JOSH ROGERS, BYLINE: I'm Josh Rogers in Concord, New Hampshire. Pretty much every poll in this race shows the Granite State as a tossup. Economic issues tend to dominate here, and even though New Hampshire has weathered the recession relatively well - unemployment stands at just 5.2 percent - you wouldn't know it by talking to voters at Manchester's Red Arrow Diner.
NEAL POITRAS: I ran into a tough situation where I actually bought a house five years ago and I just recently sold it for a $46,000 loss.
Leonard Cohen is known for distinctive, haunting and provocative songs. His music inspired one artist in the Bay Area with amounts to a vision: that there ought to be a community choir of men singing a cappella exclusively from the Leonard Cohen songbook. Lisa Morehouse spent some time with the group. They call themselves the Conspiracy of Beards.
LISA MOREHOUSE, BYLINE: The Beards, as they're known, don't all have beards, but they do stand out.
This is WEEKEND EDITION from NPR News. I'm Scott Simon. The presidential candidates are back on the campaign trail, sprinting, now that the political conventions are behind them. President Obama and Mitt Romney were both in Iowa and New Hampshire yesterday. Both of their message were affected by some bad news on the job's front as NPR's Scott Horsley reports.
This is WEEKEND EDITION from NPR News. I'm Scott Simon. Time for sports.
(SOUNDBITE OF MUSIC)
SIMON: (Singing) Ah, to remember the kind of September.... The seasons are flipping, and so Serena's poised to win again, not just today. NFL season opens in earnest, and the real Olympic spirit still lives on in London. NPR's Tom Goldman joins us.
TOM GOLDMAN, BYLINE: Seasons are flipping, I fear you are too.
A case of unshuffled card decks has riled up casino owners and players in Atlantic City, New Jersey. Fourteen gamblers at the Golden Nugget there raked in more than $1.5 million playing a game called mini-baccarat in April. But they didn't have Lady Luck to thank so much as a technical malfunction. The players realized after a few hands that they were being dealt cards in the exact same sequence.
Envoys from what they call the Troika, the International Monetary Fund, the European Commission and the European Central Bank, are back in Greece today and will resume combing through the country's finances to determine if Greece ought to keep receiving bailout loans. They're also expected to push for more austerity measures in exchange for those loans.
This is WEEKEND EDITION from NPR News. I'm Scott Simon. More dismal economic news this week. The U.S. economy created slightly fewer than 100,000 new jobs - worse than what many economists expected and what millions of Americans had hoped for. The unemployment rate dropped slightly, but possibly because half a million Americans just gave up and stopped looking for work. NPR's Steve Henn reports on whether the jobs lost during the great recession will ever come back.
After long deliberations, the U.S. State Department has designated one of Afghanistan's deadliest insurgent groups to be a terrorist organization. The Haqqani network has been blamed for many attacks on U.S. troops and the embassy in Afghanistan. Although the group is made up primarily of Afghan fighters, it is based in northwest Pakistan.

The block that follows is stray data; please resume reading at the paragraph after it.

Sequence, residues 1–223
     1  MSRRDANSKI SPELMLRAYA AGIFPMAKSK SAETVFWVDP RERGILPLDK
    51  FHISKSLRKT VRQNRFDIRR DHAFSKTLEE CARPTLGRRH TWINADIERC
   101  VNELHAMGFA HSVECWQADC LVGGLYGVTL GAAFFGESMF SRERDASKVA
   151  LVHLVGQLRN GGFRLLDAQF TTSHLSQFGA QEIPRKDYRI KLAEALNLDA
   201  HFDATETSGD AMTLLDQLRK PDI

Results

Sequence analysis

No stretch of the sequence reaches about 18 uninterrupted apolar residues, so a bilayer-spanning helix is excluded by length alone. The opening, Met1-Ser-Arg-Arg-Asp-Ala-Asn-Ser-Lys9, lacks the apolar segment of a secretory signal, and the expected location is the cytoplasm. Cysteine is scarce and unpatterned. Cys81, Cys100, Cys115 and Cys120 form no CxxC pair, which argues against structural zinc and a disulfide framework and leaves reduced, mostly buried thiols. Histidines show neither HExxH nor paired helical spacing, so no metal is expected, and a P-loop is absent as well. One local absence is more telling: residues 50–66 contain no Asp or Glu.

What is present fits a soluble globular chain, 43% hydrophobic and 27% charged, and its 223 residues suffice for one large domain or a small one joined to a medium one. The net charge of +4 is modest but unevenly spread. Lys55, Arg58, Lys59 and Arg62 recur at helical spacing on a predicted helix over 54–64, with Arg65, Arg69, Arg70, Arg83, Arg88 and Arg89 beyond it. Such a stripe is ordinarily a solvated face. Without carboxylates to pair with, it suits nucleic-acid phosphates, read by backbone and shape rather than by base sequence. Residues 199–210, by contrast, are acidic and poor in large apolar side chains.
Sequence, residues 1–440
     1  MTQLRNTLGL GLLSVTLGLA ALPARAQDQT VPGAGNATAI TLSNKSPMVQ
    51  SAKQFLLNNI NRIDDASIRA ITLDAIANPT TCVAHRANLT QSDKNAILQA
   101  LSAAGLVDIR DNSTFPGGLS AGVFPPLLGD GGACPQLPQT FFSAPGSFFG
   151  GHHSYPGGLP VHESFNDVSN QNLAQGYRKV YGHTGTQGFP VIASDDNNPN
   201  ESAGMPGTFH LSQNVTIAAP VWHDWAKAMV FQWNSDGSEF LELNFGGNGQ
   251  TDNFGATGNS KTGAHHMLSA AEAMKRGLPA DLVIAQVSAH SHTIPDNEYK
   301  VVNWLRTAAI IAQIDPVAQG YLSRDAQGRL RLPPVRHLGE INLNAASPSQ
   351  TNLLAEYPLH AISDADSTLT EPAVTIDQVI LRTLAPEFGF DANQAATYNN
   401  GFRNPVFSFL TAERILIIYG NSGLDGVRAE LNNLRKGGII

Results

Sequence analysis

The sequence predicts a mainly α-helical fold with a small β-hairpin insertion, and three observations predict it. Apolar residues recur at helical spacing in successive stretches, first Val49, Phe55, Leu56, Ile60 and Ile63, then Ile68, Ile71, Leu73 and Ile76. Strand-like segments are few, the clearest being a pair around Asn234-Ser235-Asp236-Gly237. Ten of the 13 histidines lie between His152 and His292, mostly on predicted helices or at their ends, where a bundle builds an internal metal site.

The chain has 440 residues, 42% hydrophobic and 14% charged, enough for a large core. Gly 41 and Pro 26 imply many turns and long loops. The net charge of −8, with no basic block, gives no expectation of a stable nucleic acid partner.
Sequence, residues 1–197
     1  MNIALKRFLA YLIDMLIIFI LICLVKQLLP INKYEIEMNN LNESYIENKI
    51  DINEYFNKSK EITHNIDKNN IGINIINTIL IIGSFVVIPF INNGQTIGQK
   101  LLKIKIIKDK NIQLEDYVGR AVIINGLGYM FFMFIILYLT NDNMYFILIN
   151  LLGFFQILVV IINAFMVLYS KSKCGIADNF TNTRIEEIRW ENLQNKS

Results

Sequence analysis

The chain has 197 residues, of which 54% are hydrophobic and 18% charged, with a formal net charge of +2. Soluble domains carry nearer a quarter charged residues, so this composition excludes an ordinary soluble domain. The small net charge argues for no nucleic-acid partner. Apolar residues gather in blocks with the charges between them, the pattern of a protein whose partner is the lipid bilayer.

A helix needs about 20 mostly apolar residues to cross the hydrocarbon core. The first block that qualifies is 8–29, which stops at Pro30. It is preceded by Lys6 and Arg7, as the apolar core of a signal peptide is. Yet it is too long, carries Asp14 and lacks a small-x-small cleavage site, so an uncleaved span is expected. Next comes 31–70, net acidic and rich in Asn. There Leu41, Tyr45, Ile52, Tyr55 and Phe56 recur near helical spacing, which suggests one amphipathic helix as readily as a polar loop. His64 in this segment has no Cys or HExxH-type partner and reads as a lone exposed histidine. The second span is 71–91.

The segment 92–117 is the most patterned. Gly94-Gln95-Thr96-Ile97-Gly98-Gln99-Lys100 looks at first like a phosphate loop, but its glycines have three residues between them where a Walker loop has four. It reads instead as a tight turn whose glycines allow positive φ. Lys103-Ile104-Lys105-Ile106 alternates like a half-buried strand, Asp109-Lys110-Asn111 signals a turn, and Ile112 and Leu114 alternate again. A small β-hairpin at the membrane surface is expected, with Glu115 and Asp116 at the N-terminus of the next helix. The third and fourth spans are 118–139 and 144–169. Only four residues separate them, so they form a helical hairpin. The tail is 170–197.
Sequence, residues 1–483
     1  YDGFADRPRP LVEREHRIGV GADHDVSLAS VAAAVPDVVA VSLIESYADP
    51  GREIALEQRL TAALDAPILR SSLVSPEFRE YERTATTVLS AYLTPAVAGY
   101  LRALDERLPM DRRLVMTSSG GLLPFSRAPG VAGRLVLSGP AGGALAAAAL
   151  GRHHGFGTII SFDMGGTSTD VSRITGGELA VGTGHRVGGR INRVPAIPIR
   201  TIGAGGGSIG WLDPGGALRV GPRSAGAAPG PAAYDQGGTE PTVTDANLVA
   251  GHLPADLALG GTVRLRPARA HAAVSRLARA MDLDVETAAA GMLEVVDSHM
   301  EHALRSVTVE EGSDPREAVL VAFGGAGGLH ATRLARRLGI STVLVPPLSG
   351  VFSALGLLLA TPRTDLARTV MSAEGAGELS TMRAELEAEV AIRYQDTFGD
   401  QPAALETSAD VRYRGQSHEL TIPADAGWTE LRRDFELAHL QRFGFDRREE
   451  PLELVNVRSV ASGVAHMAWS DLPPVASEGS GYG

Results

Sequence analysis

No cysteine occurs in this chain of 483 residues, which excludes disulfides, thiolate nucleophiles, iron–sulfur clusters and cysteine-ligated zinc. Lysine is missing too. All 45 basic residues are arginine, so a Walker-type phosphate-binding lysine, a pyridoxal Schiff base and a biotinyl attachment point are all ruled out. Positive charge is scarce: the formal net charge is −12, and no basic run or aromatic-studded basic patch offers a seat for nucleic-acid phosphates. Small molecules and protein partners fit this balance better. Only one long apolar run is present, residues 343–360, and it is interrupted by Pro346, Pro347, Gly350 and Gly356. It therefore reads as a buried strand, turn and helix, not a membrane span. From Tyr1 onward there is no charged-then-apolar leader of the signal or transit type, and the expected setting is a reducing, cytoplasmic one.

Public schools in Macon, Ga., and surrounding Bibb County have a lot of problems. Most of the 25,000 students are poor enough to qualify for free and reduced lunch, and about half don't graduate.
Bibb County's Haitian-born superintendent Romain Dallemand came into the job last year with a bag of changes he calls "The Macon Miracle." There are now longer schools days, year-round instruction, and one mandate nobody saw coming: Mandarin Chinese for every student, pre-K through 12th grade.
Cuban ballet dancer Carlos Acosta has a bold plan to transform a long-abandoned, incompletely built ballet school in Havana into a global cultural and dance center. But some fear the plan is a step toward "privatization."
Credit Nick Miroff for NPR
As Cuba drew closer to the Soviet Union, the campus of what was supposed to be the National Ballet School, and its avant-garde architects, came under fire.
Credit Ian Gavan / Getty Images
Costa left Cuba and gained fame dancing with London's Royal Ballet. Here, he is shown with Viengsay Valdes during a photo call for Swan Lake performed by the Ballet Nacional De Cuba at the Coliseum in London, on March 30, 2010.
A radical proposal to restore one of Cuba's most important architectural landmarks is rekindling a 50-year-old controversy. At the center is ballet superstar Carlos Acosta, who left the island and went on to a lead role in London's Royal Ballet. Acosta wants to return to the island and restore an abandoned ballet school with help from one of the world's most famous architects.
But the proposal has opened old wounds from the school's past and stirred a debate about the future of Cuba's state-sponsored cultural model.
Stephen Tobolowsky calls his book, The Dangerous Animals Club, a group of "pieces." They are partly essays, partly short stories, partly memoir. They are anecdotes, stories and insights that are shuffled in and out of order, like cards in a deck.
Miss Navajo contestants must work in teams to butcher sheep. From left, Wallitta Begay, Leandra "Abby" Thomas and Charlene Goodluck had to cut the sheep's throat, remove the stomach and quarter the carcass.
The Miss Navajo contest is not your typical beauty pageant. Instead of swimsuits and high heels, you get turquoise and moccasins. One of the talent competitions is butchering sheep, and speaking Navajo is a must.